“..is naturally read as a reference to a conveyance of one of the two types of estate in land which section 1(1) has just told us are capable of being conveyed at law.” (paragraph 27)

It was not a tenable interpretation, in this context, to break this down further into component parts of “legal estates” [as per s1(4)] and “land”. It was a single phrase, following and echoing the phrase of the immediately preceding section.

The clear distinction between the two legal “estates in land” and the separate group of “interests in or charges over land” had been recognised judicially elsewhere, most recently by Lord Neuberger PSC in Edwards v. Kumarasamy [2016] AC 1334 at paragraph 23. Further, in response to this argument – if a charge by way of legal mortgage, one of the other “interests in or charges over land” in section 1(2), could overreach (as in cases such as City of London BS v. Flegg [1988] AC 54), why not also easements? –  Henderson LJ held (at paragraph 29) that this was explicable by section 87 LPA 1925 deeming such charges to take effect as if they were mortgages by way of demise or sub-demise of a term of years i.e. a conveyance of one of the two legal estates in land.

The Court’s conclusion was at paragraphs 31 and 32  “…reinforced by some of the conceptual difficulties to which the judge’s analysis would give rise”, including Craggs’ lack of any “equitable interest..affecting that estate” (meaning the estate conveyed to the Bakers, even if that was taken as the easement granted) capable of being overreached under s2(1), and the “conceptual impossibility” of identifying some part of the Baker sale proceeds to which his interest could somehow have attached.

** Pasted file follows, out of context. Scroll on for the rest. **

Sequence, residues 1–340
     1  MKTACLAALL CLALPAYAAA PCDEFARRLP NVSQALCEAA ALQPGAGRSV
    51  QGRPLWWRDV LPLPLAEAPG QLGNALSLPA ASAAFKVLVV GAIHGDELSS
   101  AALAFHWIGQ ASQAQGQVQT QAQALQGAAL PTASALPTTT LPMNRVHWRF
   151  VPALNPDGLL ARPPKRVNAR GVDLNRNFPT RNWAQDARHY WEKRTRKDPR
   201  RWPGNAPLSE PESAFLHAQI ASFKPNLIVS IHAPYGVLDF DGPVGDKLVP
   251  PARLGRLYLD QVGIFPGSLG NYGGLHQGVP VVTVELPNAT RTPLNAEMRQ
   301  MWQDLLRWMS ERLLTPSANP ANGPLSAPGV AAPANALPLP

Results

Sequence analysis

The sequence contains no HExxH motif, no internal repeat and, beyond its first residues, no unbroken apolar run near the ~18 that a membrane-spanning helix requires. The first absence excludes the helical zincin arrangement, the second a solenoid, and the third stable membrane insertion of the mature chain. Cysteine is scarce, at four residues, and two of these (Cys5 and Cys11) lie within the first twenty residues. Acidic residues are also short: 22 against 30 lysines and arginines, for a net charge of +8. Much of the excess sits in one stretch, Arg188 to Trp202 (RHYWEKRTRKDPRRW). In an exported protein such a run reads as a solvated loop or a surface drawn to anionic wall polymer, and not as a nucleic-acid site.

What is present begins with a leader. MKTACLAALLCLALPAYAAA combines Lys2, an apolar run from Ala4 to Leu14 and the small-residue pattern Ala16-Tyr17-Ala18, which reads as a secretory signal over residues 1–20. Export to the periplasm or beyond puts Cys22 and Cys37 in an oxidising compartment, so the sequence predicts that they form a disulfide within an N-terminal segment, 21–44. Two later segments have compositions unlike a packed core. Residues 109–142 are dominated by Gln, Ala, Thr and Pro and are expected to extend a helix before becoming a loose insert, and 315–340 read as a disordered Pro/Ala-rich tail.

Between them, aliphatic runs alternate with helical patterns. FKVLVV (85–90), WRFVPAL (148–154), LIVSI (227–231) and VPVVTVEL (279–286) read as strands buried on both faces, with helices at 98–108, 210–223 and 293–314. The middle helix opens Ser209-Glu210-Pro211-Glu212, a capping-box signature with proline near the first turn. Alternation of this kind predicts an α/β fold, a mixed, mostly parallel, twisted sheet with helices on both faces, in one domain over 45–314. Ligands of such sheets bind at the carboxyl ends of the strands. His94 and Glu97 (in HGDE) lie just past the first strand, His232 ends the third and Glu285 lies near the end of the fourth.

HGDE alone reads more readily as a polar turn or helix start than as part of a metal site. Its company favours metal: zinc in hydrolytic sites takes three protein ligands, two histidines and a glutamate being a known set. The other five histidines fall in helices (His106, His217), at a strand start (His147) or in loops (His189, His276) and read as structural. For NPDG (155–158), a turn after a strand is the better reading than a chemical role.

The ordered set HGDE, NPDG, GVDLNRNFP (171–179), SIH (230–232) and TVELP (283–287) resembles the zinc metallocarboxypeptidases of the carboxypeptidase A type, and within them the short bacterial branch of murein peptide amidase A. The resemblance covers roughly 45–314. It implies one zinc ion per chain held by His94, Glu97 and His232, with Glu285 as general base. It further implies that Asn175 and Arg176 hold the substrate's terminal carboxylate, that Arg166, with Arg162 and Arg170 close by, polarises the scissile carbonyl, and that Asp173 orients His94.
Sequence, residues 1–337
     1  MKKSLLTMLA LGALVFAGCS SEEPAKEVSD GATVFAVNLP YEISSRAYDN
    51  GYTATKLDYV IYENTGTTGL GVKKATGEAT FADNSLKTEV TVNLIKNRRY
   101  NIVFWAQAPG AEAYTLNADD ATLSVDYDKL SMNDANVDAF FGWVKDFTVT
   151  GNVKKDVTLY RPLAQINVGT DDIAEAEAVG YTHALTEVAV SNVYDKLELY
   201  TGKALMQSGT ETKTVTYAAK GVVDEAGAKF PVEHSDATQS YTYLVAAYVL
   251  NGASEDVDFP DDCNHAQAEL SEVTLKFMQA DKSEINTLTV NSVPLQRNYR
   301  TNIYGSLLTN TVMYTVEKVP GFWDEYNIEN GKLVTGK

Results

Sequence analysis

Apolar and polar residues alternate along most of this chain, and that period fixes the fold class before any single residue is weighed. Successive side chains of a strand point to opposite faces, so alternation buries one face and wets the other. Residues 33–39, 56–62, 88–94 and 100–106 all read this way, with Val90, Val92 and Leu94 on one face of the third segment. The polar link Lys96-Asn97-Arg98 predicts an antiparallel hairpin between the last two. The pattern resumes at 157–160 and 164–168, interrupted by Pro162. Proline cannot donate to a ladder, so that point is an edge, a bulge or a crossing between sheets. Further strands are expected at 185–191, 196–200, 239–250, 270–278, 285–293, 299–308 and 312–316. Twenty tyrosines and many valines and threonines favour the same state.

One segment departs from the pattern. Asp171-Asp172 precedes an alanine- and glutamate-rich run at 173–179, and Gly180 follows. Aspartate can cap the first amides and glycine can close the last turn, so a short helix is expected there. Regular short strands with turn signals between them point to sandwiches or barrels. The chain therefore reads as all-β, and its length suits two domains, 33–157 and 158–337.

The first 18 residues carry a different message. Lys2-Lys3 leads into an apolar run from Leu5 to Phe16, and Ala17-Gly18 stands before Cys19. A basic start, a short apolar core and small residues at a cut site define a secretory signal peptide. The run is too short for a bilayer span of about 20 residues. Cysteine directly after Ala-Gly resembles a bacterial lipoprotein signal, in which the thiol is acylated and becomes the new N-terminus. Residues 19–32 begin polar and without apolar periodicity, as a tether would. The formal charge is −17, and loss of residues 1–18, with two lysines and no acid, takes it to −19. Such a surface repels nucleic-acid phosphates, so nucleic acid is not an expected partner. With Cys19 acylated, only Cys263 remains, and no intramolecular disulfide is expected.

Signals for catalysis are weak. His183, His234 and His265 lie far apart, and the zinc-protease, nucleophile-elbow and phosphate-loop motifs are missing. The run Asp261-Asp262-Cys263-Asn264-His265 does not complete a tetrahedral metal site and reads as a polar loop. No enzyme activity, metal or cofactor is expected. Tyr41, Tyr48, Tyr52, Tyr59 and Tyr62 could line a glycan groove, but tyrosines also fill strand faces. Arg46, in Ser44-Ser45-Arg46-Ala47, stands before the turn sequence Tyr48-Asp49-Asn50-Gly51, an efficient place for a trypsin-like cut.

The brief but clear judgment therefore restores the orthodox view of the Law of Property Act 1925, the classic division between legal “estates in land” and “interests in land”, and the nature and scope of overreaching. The argument and research surrounding the appeal did, however, reveal to a surprising extent the occasionally confusing and inconsistent terminology of an Act long regarded as the linchpin of the 1925 legislation. In addition to the mysterious section 1(4) itself, there are several other examples in the Act where the usage oscillates between “legal estate in land” and “legal estate” without explanation.
Viscount Haldane said presciently when the legislation was being passed in 1925:

“ it would pass the wit of man to say whether, in the form which these Bills have finally assumed, they cover everything, or are free in all respects from error..” (Hansard HL Deb 11th February 1925, vol. 60 col. 208).

It is nevertheless surprising that it took 92 years for the particular ‘wrinkle’ exposed in Baker v. Craggs to be ironed out.

Ewan Paton, Guildhall Chambers, Bristol

(who appeared for Mr. Craggs at first instance and on appeal, instructed by John Hodge Solicitors, Weston-super-Mare)